12 Key Tactics The Pros Use to Become a Serious Blogger

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Jay Baer has long been a serious blogger and social media pro that I look up to. This guest post was originally written for 12 Most as a guest post many moons ago and it remains one of my favorite resources for serious bloggers.

When I commented on the original article, Jay gave me a fantastic compliment and it meant so much to me as a new blogger. It reminds me to always be generous to people who are new and try to encourage others to be their best.

serious blogger

All that follows is wisdom from Jay on becoming a serious blogger. Read and learn.

If your blog shares your deepest, darkest secrets about your passion for Jersey Shore or troll head dolls, this is not the article for you. This is the post for serious bloggers who want their online musings to play a meaningful role in their business.

My blog is Convince and Convert. Maybe you’ve seen it. It’s a well-regarded social media and content marketing blog — or so says my Mom. Am I a full-time blogger? No. Do I make money from the blog? A little. But like most blogging businesspeople, my writing is a means to an end. It drives exposure, leads, and credibility — all of which create revenue in a cascading, trickle down fashion.

There is no shortage of blogging advice out there, some of it may even contradict what lies below. But this is what I believe to be the 12 Most Imperative Must-Dos for the Serious Blogger, based on my personal experience and those of my clients.

1. Be patient

Every blogger starts with the exact same audience… zero. Eventually, relatives will read your blog, followed by sympathetic friends and neighbors. And then you’ll be on your way. But this notion that you start a blog and it becomes “a big deal” overnight is as rare as Keanu Reeves nailing a Victorian British accent.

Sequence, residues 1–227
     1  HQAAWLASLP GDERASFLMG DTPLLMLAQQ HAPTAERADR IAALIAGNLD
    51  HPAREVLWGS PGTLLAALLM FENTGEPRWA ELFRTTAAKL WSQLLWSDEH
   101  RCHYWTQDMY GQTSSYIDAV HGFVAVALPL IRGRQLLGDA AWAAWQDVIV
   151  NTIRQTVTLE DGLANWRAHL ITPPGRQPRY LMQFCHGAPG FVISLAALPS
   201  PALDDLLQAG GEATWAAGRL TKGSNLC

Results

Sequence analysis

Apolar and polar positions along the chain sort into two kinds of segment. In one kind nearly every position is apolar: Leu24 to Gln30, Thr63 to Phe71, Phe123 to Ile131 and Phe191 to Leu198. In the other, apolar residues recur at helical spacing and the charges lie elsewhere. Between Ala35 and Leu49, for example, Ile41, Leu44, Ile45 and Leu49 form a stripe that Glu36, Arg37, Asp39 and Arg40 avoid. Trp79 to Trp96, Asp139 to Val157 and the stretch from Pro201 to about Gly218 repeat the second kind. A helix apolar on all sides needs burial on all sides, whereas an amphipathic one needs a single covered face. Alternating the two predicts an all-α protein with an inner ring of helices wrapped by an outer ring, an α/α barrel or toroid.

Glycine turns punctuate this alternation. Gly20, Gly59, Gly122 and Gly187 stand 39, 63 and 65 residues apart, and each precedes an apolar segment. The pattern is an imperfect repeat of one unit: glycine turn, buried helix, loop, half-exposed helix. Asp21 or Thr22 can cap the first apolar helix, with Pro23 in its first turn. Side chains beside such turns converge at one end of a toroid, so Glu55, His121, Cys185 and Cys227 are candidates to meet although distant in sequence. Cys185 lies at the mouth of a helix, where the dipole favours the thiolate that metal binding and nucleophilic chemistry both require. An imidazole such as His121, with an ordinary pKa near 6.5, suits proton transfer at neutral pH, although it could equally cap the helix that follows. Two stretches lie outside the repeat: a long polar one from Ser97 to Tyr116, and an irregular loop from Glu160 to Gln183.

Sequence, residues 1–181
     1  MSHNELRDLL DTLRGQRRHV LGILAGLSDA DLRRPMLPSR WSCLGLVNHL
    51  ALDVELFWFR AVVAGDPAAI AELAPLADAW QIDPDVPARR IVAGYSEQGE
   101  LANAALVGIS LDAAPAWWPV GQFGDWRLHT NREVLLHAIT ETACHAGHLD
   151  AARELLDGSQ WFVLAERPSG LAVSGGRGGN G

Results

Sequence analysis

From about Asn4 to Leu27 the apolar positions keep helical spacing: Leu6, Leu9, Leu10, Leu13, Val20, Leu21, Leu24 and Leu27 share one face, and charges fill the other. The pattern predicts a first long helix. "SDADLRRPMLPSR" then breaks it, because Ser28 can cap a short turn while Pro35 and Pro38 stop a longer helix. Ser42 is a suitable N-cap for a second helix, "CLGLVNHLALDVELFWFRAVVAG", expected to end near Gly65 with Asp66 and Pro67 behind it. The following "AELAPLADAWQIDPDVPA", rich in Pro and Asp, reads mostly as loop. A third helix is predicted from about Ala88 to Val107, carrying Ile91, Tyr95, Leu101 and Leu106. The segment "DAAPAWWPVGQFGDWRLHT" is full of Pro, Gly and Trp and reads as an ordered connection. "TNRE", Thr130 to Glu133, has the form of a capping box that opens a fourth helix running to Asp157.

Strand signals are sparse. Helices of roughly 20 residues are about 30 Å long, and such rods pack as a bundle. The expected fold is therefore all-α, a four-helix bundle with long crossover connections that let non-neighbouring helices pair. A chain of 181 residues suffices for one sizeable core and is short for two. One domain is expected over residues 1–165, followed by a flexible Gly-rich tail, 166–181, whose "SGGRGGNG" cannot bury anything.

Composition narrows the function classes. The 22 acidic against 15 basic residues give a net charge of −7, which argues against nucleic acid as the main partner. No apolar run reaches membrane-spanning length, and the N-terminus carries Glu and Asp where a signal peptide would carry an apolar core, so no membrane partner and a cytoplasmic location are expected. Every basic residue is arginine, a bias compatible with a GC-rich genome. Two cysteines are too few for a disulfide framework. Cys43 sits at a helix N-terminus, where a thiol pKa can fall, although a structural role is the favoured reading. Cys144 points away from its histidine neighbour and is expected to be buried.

I don’t keep up on blogs in every category (my passion for diapers, free range chickens, souped up cars and other topics just isn’t that deep), but in my world the only blog I can EVER remember successfully bursting on the scene in less than a year is Social Media Examiner.

2. Be specific

You have to have a clear sense of what your blog is about, and for whom you’re writing. There are no shortage of blogs out there, and if you’re going to successfully compete with a site like 12 Most, you better have a sharp understanding of what role you play in the educational or entertainment panoply of your audience.

3. Be consistent

Imagine if you subscribed to a magazine and it showed up at your house only whenever they “felt like” publishing an issue? The surprise factor might add a sprinkle of delight for a time, but the unpredictability would become irksome. We prefer to consume content in a disciplined and patterned way. Your blog should not contradict that circumstance.